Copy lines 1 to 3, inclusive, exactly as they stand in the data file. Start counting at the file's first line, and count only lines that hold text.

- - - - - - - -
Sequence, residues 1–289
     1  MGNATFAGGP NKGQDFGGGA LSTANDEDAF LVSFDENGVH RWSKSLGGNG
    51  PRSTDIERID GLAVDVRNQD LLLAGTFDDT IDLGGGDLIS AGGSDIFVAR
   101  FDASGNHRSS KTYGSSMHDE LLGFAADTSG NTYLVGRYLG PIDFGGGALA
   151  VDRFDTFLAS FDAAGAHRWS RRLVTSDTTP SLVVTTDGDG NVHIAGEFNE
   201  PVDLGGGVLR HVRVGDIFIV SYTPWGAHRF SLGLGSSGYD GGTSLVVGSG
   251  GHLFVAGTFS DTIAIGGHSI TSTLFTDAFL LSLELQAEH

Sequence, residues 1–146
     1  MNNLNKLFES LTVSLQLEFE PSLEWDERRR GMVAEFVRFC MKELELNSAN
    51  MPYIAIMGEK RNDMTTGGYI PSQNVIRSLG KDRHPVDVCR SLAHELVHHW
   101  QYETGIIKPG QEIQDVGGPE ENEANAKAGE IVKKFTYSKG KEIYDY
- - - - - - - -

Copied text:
Sequence, residues 1–289
     1  MGNATFAGGP NKGQDFGGGA LSTANDEDAF LVSFDENGVH RWSKSLGGNG
    51  PRSTDIERID GLAVDVRNQD LLLAGTFDDT IDLGGGDLIS AGGSDIFVAR